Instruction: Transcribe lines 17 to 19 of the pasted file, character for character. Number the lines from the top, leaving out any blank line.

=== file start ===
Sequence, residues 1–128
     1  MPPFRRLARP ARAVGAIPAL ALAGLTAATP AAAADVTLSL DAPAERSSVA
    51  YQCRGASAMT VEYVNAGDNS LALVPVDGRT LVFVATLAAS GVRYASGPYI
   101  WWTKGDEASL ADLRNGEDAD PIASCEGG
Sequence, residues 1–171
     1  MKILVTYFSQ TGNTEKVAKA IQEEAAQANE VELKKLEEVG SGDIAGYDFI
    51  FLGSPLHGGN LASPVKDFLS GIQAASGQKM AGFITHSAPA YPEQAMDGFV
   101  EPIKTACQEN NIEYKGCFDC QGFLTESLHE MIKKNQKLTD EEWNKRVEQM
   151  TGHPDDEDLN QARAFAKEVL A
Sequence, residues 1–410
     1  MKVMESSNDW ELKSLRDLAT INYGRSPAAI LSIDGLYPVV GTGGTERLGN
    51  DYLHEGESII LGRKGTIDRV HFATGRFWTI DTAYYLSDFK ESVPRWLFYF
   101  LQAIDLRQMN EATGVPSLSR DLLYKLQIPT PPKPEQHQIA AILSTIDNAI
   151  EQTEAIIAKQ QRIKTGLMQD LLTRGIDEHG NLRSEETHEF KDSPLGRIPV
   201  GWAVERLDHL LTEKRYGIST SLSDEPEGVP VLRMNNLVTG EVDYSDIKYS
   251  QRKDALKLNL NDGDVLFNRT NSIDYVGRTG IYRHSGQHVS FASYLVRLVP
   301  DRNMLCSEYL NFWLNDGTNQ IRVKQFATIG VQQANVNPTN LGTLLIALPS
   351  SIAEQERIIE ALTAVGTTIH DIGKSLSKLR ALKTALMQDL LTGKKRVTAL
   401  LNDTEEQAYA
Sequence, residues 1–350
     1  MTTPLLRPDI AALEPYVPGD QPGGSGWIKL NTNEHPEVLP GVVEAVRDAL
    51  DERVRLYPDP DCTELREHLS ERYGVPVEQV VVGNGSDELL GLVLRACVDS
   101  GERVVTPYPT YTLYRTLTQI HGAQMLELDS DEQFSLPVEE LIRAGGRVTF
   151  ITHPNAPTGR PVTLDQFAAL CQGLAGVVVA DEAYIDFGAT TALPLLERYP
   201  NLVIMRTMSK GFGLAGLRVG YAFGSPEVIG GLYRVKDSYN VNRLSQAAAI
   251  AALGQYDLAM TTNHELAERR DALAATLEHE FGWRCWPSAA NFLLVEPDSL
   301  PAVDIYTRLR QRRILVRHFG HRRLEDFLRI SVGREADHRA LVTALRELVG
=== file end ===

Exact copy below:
   301  DRNMLCSEYL NFWLNDGTNQ IRVKQFATIG VQQANVNPTN LGTLLIALPS
   351  SIAEQERIIE ALTAVGTTIH DIGKSLSKLR ALKTALMQDL LTGKKRVTAL
   401  LNDTEEQAYA